• You don’t have to use or know all of these, but as you get more experienced with social media consider what other tools are out there to help you. For instance, create a Flikr page to showcase places in your community. Don’t forget to post historic photos as well as present day pics. What about using some of the location based programs and gaming mechanics to help people explore and learn about their community? You can create a scavenger hunt using FourSquare. Engage the local high school folks to help you set this up. It helps get the kids interested in the community. Someone may want to set up a blog. What about QR codes? These are free and easy to set up. They are being used more and more in real estate and to advertise businesses, why not use them to market places or events in your neighborhood. Perhaps local retailers would allow your club to post one in their window or on a flyer. There is so much more. Don’t do everything at once. Pick one social media, learn it and grow from there. Watch what other clubs and organizations are doing. Don’t be afraid to borrow ideas. The possibilities are endless.
  • Here’s hoping we didn’t cause you to run screaming from the room!
  • Networked neighborhoods

    1. 1. Networked Neighborhoods <ul><li>Engaging your community </li></ul><ul><li>#CommunityU </li></ul>Image by Laurel Papworth AND Gary Hayes
    2. 2. New ways of connecting
    3. 3. Who is using Social Media? <ul><li>One in every nine people on Earth is on Facebook </li></ul><ul><li>Each Facebook user spends on average 15 hours and 33 minutes a month on the site </li></ul><ul><li>175 million users registered on Twitter </li></ul><ul><li>190 million average  Tweets per day occur on Twitter </li></ul><ul><li>YouTube has 490 million unique users who visit every month </li></ul><ul><li>People upload 3,000 images to Flickr every minute </li></ul><ul><li>Google+ has more than 25 million users </li></ul><ul><li>500 billion: the number of peer influence impressions Americans generate per year via social media. </li></ul>
    4. 4. Prepare <ul><li>Goals & strategy </li></ul><ul><ul><li>What is success? What are your goals? </li></ul></ul><ul><ul><ul><li>Integrate social media into daily activity </li></ul></ul></ul><ul><ul><ul><li>Make sure your updates are in line with the priorities and messages of your organization </li></ul></ul></ul><ul><ul><li>Who are you trying to reach? </li></ul></ul><ul><ul><ul><li>Residents </li></ul></ul></ul><ul><ul><ul><li>Businesses/Industry </li></ul></ul></ul><ul><ul><ul><li>Media </li></ul></ul></ul><ul><ul><ul><li>Government officials </li></ul></ul></ul>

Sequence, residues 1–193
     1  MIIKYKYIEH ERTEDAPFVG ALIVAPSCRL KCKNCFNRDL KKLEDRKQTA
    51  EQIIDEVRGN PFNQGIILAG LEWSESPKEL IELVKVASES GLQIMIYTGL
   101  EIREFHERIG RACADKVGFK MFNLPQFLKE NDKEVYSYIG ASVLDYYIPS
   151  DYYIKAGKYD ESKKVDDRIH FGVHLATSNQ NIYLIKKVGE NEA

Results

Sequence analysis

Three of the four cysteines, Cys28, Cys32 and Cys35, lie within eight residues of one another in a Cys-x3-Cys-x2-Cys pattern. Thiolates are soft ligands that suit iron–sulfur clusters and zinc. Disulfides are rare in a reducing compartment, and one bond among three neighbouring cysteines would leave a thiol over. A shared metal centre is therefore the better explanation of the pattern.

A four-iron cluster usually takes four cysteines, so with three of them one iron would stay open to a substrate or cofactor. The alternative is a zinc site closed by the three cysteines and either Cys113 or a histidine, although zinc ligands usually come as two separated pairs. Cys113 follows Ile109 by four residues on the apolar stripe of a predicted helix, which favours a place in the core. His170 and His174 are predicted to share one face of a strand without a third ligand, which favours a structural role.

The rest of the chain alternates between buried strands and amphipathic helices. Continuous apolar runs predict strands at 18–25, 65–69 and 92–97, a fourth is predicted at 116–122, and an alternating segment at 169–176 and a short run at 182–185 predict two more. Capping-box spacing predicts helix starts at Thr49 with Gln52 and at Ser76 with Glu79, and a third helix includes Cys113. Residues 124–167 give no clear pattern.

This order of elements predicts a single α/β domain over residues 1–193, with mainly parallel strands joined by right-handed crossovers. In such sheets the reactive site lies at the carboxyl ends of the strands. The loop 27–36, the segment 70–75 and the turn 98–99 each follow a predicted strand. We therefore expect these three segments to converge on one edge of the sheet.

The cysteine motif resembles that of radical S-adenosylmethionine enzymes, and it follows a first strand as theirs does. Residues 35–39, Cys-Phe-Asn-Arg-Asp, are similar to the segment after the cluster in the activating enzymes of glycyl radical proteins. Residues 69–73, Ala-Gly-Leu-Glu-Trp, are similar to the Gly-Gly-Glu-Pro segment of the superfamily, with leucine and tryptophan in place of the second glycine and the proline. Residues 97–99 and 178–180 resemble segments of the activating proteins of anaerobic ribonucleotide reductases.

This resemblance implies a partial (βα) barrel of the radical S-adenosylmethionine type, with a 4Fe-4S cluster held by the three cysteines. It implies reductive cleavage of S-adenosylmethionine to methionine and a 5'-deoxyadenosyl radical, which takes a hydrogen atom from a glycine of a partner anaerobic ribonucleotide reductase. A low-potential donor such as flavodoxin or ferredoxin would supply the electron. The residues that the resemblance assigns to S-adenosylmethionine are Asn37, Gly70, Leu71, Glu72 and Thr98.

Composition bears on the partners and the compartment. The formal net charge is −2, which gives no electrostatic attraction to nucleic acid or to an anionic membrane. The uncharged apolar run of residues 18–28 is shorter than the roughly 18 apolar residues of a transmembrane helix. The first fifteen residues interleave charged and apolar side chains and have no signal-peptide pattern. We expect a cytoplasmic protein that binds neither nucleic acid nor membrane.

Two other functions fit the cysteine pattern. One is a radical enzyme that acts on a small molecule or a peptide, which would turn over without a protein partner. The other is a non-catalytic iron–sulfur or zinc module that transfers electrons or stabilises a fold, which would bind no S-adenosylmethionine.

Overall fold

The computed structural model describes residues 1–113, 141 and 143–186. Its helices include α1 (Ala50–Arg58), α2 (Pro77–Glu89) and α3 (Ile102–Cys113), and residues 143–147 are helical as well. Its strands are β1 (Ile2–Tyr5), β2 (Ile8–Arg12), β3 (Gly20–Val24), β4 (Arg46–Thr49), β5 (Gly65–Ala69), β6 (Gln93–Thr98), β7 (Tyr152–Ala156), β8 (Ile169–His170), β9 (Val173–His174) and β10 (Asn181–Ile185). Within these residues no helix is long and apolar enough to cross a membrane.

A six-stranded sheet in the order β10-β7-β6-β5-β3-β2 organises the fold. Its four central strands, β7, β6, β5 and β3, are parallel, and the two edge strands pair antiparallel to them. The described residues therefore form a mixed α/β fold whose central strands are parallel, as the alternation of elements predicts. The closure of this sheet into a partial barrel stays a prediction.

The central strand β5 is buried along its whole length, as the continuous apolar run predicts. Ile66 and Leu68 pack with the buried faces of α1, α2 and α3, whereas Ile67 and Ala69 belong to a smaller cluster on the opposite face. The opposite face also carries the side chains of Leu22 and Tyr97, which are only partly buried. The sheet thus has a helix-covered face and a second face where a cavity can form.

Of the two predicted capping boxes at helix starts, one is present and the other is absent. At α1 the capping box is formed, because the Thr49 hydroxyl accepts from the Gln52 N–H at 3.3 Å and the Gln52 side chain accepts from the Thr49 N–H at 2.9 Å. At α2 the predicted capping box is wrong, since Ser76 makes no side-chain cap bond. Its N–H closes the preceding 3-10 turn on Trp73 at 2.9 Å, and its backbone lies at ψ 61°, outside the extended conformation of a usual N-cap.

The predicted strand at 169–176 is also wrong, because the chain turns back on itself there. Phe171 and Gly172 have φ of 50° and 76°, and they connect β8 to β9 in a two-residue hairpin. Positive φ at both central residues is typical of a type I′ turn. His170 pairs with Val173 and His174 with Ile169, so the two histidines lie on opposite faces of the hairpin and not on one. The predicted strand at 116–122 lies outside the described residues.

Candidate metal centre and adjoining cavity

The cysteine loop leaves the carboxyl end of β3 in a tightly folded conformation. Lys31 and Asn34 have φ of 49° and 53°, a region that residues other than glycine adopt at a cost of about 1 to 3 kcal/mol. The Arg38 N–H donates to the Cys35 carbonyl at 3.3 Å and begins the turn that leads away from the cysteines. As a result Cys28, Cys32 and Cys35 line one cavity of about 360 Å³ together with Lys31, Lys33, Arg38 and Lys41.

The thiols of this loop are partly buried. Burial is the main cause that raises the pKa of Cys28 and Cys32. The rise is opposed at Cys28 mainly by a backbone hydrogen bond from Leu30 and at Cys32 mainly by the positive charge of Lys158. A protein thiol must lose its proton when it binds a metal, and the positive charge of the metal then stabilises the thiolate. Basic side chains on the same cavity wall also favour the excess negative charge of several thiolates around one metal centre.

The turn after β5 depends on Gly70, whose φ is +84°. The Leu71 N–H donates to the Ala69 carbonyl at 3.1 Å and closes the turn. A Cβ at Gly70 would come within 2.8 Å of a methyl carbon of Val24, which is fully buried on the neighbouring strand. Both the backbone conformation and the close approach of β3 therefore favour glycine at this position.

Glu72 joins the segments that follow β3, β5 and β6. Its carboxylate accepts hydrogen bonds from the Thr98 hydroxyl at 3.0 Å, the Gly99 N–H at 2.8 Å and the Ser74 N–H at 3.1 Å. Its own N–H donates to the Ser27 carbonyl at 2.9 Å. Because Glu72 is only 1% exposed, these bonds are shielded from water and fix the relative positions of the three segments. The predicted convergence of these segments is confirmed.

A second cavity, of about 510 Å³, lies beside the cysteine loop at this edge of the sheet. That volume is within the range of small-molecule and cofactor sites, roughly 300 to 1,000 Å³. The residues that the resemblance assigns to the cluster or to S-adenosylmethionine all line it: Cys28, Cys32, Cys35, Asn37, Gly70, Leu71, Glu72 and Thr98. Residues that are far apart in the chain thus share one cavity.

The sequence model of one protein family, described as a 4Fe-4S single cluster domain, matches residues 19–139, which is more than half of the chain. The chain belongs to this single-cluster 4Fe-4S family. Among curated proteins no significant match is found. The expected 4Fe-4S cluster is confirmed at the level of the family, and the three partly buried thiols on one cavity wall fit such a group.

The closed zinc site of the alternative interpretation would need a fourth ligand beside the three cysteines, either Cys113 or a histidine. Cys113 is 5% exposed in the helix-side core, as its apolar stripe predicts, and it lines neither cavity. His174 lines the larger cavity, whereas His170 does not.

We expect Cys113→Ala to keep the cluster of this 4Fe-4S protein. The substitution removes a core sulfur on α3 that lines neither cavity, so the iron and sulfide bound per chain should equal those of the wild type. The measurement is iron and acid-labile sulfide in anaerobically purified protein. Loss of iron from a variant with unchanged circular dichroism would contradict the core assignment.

5. 5. Participate: Engage your Audience <ul><li>Be honest </li></ul><ul><ul><li>Build trust </li></ul></ul><ul><ul><li>Be authentic </li></ul></ul><ul><ul><li>Contribute to the conversation </li></ul></ul><ul><li>Mix it up </li></ul><ul><ul><li>Avoid repetitive posts </li></ul></ul><ul><ul><li>Be creative </li></ul></ul><ul><li>Be social </li></ul><ul><ul><li>Have fun </li></ul></ul><ul><ul><li>Build a genuine relationship </li></ul></ul><ul><ul><li>Be visual </li></ul></ul>
    6. 6. Pay Attention <ul><li>Listen to what’s being said about your organization </li></ul><ul><li>Measure </li></ul><ul><li>Who are others following, talking about </li></ul><ul><li>What is being said about your topic </li></ul><ul><li>Watch the trends </li></ul><ul><ul><li>Technology & tools </li></ul></ul><ul><ul><li>Topics and discussions </li></ul></ul>
    7. 7. Communicate, build relationships
    8. 8. Use humor or promote a cause
    9. 9. Make your point on YouTube (
    10. 10. State your message – you are the news!
    11. 11. Tie it all together
    12. 12. Dashboards can help you manage
    13. 13. And there’s so much more
    14. 14. Take Aways <ul><li>The tool isn’t what’s important, what’s important is how you use it. </li></ul><ul><li>Be aware of what you’re trying to do. It’s important to have a goal when approaching these tools. </li></ul><ul><li>Be aware of your limitations. Social media can be time intensive, and most of us have limited resources, so don’t try to do everything at once. </li></ul><ul><li>The technology will change. We all have to learn to adjust. </li></ul>
    15. 15. And so in conclusion… <ul><li>Traditional media is reaching less and less </li></ul><ul><li>Social media can help you </li></ul><ul><li>Take it slow </li></ul><ul><li>Invest the time </li></ul><ul><li>Build trust </li></ul><ul><li>Learn from others </li></ul><ul><li>Get started </li></ul>
    16. 16. Thanks for listening!
    17. 17. Networked Neighborhoods <ul><li>Your presenters: </li></ul><ul><li>Suzy Hartgrove </li></ul><ul><li>City of Houston Planning Department </li></ul><ul><li>713-837-7719 </li></ul><ul><li>[email_address] </li></ul><ul><li>@HoustonPlanning </li></ul><ul><li> </li></ul><ul><li>Sandra Fernandez </li></ul><ul><li>Houston Public Library </li></ul><ul><li>832-393-1381 </li></ul><ul><li>[email_address] </li></ul><ul><li>@SandraSays </li></ul>